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Bears 2018 training camp preview: Roquan Smith is the face the Bears defense needs

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The Bears are once again prepared for greatness at linebacker. Smith gives them that luxury.

NFL: Chicago Bears-Minicamp
There’s a new linebacking sheriff in town.
Kamil Krzaczynski-USA TODAY Sports

Two years ago, the Bears decided they couldn’t stomach running games and tight ends continually pounding their defense over the middle. Two years ago, they decided to sign Jerrell Freeman and Danny Trevathan in free agency to give them playmaking, not just respectability at inside linebacker. And two years ago, these moves seemed foolproof until they weren’t.

Flash forward to the present day and the now out of football Freeman started only 13 games in two years due to a variety of injuries. Trevathan, one of the lynchpins of a dominant Super Bowl-winning Broncos defense, has missed 12 starts since then. Trevathan has been effective and made plays for the Bears when available, but the problem is that he hasn’t been consistently available.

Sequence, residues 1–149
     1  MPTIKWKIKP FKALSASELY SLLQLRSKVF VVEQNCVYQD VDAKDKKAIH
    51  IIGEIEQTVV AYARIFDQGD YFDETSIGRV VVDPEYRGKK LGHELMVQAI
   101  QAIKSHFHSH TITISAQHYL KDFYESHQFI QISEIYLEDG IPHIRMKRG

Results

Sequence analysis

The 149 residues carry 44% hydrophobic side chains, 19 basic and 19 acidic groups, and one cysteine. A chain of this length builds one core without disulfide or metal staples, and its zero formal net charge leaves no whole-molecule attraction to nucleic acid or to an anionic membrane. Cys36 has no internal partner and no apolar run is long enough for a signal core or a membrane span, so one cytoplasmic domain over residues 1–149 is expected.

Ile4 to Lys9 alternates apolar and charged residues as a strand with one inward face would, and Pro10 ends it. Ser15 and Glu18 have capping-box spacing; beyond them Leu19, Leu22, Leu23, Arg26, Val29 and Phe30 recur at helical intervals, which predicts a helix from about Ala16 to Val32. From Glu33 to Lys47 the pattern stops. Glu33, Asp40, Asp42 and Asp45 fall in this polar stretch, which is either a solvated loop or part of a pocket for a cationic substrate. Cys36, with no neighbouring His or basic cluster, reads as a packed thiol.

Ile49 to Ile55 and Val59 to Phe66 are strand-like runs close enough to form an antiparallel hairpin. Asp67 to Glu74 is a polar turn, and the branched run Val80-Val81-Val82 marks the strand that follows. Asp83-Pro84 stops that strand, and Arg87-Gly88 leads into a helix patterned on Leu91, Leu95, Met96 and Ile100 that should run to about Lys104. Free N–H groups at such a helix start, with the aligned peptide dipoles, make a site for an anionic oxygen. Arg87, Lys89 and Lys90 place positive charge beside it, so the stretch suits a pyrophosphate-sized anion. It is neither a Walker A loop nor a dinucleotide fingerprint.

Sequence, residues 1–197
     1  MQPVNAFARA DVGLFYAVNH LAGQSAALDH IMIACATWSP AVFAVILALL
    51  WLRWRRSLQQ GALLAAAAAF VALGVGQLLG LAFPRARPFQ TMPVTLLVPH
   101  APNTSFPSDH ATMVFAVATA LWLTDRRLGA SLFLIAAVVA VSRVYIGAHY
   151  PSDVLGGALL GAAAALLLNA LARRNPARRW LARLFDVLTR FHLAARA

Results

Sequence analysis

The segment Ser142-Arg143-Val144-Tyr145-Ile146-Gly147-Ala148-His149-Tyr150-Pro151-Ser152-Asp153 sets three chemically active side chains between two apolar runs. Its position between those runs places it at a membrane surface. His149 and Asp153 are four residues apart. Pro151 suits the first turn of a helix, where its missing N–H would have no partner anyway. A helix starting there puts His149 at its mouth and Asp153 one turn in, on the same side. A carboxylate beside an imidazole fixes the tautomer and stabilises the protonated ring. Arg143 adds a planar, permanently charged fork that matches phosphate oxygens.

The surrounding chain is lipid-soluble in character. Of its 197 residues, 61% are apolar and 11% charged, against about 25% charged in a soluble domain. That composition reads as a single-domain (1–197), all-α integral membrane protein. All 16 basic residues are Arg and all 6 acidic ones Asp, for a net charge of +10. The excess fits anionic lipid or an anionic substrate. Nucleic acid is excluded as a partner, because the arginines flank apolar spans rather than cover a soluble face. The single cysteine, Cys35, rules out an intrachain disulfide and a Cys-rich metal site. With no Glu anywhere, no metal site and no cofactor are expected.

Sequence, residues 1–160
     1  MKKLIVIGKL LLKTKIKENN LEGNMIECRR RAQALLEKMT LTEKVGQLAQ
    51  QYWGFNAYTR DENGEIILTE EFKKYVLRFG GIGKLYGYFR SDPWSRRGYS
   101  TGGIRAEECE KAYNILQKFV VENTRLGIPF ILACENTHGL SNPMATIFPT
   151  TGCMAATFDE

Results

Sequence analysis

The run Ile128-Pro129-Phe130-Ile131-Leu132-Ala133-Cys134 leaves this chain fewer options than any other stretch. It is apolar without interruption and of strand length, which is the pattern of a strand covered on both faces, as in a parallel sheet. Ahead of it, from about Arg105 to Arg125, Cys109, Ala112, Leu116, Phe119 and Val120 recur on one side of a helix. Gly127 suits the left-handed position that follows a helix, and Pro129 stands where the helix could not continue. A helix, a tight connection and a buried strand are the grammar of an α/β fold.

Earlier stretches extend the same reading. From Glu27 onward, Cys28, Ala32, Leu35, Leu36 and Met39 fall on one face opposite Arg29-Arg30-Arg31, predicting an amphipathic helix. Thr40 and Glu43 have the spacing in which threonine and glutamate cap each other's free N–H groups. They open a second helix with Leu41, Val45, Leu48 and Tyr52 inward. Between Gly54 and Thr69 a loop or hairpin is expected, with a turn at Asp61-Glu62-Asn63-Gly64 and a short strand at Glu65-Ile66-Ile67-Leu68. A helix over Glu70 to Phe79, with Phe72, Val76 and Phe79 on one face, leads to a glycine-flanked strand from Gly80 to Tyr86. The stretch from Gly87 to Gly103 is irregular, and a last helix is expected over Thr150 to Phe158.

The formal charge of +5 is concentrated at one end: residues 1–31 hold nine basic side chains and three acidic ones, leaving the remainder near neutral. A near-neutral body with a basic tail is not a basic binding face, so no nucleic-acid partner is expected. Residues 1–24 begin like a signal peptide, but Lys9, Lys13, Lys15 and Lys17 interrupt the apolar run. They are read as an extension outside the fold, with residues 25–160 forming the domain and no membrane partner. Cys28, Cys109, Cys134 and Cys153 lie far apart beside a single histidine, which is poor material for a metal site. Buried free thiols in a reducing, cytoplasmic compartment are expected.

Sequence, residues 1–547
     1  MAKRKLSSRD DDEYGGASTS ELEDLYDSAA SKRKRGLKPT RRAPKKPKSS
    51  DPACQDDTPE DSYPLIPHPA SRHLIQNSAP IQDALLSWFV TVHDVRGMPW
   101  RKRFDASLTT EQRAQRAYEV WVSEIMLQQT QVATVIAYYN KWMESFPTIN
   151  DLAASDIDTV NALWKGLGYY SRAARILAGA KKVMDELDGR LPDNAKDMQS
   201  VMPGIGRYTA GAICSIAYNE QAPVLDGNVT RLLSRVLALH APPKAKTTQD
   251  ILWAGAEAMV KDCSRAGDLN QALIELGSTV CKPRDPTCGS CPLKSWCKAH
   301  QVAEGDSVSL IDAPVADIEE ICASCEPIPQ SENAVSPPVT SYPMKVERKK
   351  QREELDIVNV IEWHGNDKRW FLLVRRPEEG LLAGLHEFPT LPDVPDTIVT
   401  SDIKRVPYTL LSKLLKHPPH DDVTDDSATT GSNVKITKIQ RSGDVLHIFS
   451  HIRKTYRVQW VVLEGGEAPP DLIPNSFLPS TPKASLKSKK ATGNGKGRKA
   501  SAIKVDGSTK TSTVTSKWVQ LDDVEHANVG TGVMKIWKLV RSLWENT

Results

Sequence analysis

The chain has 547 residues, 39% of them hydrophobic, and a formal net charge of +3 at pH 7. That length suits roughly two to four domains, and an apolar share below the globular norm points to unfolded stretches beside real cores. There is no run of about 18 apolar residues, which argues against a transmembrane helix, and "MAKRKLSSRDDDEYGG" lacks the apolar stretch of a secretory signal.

What were linebacking transactions that set up a framework for the Bears to ideally not worry about a position while they build up the rest of their roster, turned into more of a need than anyone believed. It morphed into Chicago snatching the opportunity to draft Roquan Smith this past April, to become the face of their defense they’ve been missing. It developed into adding Joel Iyiegbuniwe, someone who in time is going to be Smith’s partner. If Trevathan has anything to say about it, Iyiegbuniwe should patiently settle in.

The Bears’ defense didn’t change much this off-season. One area to monitor that did experience a makeover and that will have the most impact on their 2018 efforts is inside linebacker.